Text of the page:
A North Carolina power substation was damaged by gunfire early Tuesday in the third known power substation shooting in the state since early December.
Crews responded to an alarm at the substation in the city of Thomasville, southwest of Greensboro, where they discovered the substation transformer was struck by an "apparent gunshot," the electricity provider EnergyUnited said in a statement.
The utility said no customers experienced a power outage as a result.
The Randolph County Sheriff's Office said law enforcement investigators canvassed the scene and gathered evidence and believe the shooting happened at about 3 a.m.
An investigation is ongoing.
The FBI and North Carolina State Bureau of Investigations were notified and the FBI's Joint Terrorism Task Force is conducting its own investigation, the sheriff's office said.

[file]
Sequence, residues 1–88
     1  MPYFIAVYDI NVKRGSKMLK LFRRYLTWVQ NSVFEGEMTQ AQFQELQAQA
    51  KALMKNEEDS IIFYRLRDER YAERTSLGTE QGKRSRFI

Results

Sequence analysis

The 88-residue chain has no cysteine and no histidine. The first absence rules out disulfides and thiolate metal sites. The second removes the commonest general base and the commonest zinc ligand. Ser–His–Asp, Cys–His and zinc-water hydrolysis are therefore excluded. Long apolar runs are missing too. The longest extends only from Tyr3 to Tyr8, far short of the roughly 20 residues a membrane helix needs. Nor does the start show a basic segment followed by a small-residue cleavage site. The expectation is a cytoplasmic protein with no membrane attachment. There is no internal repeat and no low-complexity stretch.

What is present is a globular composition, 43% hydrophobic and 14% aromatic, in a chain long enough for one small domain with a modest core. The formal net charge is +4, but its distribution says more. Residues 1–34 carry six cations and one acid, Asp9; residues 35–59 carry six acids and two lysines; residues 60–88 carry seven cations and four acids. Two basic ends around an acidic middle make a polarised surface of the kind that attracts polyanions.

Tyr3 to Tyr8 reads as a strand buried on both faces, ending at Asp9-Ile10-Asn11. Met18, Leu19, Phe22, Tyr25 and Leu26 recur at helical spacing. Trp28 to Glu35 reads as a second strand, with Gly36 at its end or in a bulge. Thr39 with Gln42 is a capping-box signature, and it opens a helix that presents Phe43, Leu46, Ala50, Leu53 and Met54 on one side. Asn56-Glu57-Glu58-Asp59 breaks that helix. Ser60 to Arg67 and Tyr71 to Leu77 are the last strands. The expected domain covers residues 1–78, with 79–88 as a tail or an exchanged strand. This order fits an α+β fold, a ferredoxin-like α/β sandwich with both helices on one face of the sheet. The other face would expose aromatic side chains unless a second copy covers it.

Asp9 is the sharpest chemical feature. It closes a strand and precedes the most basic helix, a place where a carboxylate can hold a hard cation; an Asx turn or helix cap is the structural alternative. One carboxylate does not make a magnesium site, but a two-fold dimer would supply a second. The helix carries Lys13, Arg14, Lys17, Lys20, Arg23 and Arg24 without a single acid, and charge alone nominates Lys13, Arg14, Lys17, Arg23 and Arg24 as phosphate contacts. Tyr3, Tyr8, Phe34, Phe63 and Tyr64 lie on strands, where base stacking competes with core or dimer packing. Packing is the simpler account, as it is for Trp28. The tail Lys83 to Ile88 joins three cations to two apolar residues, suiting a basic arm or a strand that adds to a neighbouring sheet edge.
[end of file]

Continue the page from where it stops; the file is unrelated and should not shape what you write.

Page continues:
In early December, two power substations in neighboring Moore County were damaged by gunfire on the same night, knocking out power for tens of thousands of residents for multiple days.
No arrests have been announced related to that shooting. The FBI is still seeking information.
North Carolina Gov. Roy Cooper said at the time that the Moore County attack "raises a new level of threat," and said state and federal officials would work to "harden our infrastructure where that's necessary and work to prevent future damage."
Energy security experts say it's tough to stop attacks intended to knock out electricity, especially in rural areas.
"The grid is extremely large," said Errol Southers, professor of national and homeland security at the University of Southern California, speaking to NPR last month. "It has about 6,400 power plants across the country, some 55,000 substations and over 450,000 miles of high-voltage transmission lines serviced by 3,000 companies. ... It's extremely challenging to monitor and protect. And many of these places are very remote, and so officers have to get there. And by the time they do, the attackers are already gone."
Four power substations in Washington state were damaged by attacks on Christmas Day. Between mid-November and Dec. 8, at least six other attacks occurred on substations in Oregon and Washington.